Any of you that have been reading this blog for a while know that I love to show REAL stats, numbers, and examples of how one blog article or piece of content can affect your company’s sales and bottom line. The reason I talk about this subject so much is because there is still this nutty perception out there that blogs and content marketing don’t make money, can’t be measured, and aren’t worth the time.
Frankly, every time I hear someone tell me how they don’t work for certain industries I’m tempted to start my own blog in that field just to prove them all wrong… But alas, I digress
Measuring the ROI (Return on Investment) of Your Blog
Because I do talk so much about how business blogging does lead to money and profits(if done properly), I want to focus for a minute today on the utter importance of tools and measurement—something dozens of readers have asked me about over the last few months—many of which are marketers/business owners who understand the power of social media and content, but need a way to prove to management that their labors are more than just words on a screen and can be a direct source of visitors, leads, and sales.
The problem with many companies when they’re looking at the fruits of their blog (and other social channels) is the fact that the tools they’re using are worthless for measuring ROI. For example, most business just use Google Analytics, which although makes for a great understanding of traffic, clearly does NOT measure leads—two very different animals.
To make a long story short, the ONLY way to get a true ROI of your social media and content marketing efforts is to have someone fill out a form on your website—one that attaches a “cookie” to the user’s IP address (read more about what all that means here) and from that point on allows you to know/track the lead’s behavior on your site.
To give you a clear example of how this works, we’ll use my swimming pool website as a model. Let’s assume that you’re looking to buy a fiberglass swimming pool and have landed on my blog because one of its articles showed up in search engine rankings. Once on my site, you now find that I offer a free, educational eBook that will teach you all about fiberglass swimming pools, at which point you click on the link (call-to-action) to find out more.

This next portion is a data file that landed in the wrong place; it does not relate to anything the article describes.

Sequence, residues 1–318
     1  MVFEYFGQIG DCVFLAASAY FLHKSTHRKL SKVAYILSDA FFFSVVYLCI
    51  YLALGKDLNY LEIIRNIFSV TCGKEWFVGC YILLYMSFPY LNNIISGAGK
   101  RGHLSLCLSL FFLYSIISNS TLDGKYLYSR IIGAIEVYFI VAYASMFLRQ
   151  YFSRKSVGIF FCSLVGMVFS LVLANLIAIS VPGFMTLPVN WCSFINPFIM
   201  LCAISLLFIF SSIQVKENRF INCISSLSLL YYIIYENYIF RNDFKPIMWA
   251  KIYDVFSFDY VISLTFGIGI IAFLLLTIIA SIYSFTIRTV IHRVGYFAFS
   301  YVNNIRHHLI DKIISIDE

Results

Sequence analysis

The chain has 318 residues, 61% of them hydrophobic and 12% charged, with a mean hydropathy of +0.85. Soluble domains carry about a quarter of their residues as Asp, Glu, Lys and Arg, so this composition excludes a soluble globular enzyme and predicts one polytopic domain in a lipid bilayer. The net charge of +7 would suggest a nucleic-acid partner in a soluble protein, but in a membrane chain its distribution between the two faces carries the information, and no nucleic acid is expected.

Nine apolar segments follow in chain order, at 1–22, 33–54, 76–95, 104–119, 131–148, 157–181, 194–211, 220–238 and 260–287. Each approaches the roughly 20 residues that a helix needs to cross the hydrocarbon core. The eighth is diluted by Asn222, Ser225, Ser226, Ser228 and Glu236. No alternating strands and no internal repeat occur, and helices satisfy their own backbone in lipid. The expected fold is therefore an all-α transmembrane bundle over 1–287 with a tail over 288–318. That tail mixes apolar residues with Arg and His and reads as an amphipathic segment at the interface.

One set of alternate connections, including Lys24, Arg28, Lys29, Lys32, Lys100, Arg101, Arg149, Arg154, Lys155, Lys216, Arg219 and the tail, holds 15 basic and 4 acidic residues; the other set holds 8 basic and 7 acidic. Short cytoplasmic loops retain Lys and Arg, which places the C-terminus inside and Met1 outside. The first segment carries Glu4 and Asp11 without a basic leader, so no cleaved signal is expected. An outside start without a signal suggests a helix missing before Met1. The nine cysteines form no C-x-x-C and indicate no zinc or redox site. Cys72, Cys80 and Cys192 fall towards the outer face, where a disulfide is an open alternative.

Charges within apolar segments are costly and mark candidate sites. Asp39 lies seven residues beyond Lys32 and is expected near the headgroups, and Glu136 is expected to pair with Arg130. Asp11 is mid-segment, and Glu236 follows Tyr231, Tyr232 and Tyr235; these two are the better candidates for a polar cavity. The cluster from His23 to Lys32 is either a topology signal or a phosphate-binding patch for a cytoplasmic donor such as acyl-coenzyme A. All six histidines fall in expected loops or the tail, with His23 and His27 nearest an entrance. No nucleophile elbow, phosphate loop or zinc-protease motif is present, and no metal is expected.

Once on the landing page for the free fiberglass pool buying guide, you now fill out the form.
As soon as you’ve done this, assuming you haven’t disabled cookies on your computer (which most people don’t), I can now track your behavior. Keep in mind, only certain platforms allow for this, but the one I’m showing you here is HubSpot, one of the better Content Marketing ROI tools available to business owners and marketers who are serious about measurement.
Now that you’ve filled out the form on my website, I can learn quite a bit about you, as shown in the following images:
Not only can I see the keyword phrase (“Lead Source”) you typed in Google to find my site (and the initial blog article that lead to this), but I can also take a look at the exact pages you’ve viewed, as well as how long you stayed on each:
After you’ve gone through the process of becoming a lead in my site, let’s assume you now meet with my company and end up becoming a “customer.” The final step in measuring the ROI is “closing the loop,” or closing out the lead into an actual “customer” within my analytics:
As a business owner, I’ve seen this very process in its many forms take place on my swimming pool website hundreds of times. It all starts with a simple Google search about fiberglass pools, which sends the person to a blog article on our site that ranked for that particular phrase, which then sends them to a landing page where they fill out a form, which then leads to an appointment with the prospect, which then leads to a sale.
The Most Important Number of All
By having this technology, and knowing what I know about my leads, I can clearly show the profitability of my blog, as well as its most profitable articles. For example, here is the actual customer count coming from my swimming pool site. The number shown is lower than it should be (as I need to update my leads-turned-customers list), but you can easily see how I’m able to measure the ROI of my labors. In fact, from this tool alone I’m able to track well over 2 million in sales that my company has gotten straight from leads that found the website first through a blog article, and then ended up eventually becoming a customer.
The image above is EVERYTHING when it comes to ROI, and frankly, it’s the missing link that most businesses aren’t utilizing to justify the ROI of their blogging and content marketing efforts. Because I spend a few hundred dollars a month on beefier analytics, I can measure the lead and customer generation my company gets from Google Adwords, Facebook, Twitter, and organic search results (which mainly stems from the blog). This also allows me to justify any time and effort me or my employees spend on the content production/marketing process.
I hope you’re catching the point here, but this is a big, big deal, and it’s high-time every company in the world that was serious about marketing through the internet embraced better tools and practices. It’s also time that we started talking about social media ROI as a real, measurable number, and not some mystical stat that no one knows, but everyone would like to think somehow exists.
Questions about measuring the ROI of your blogging and social media efforts? What tools are you using to get these types of stats? Finally, if you’re willing to share, tell us a little about the difference your company’s blog has made on ROI.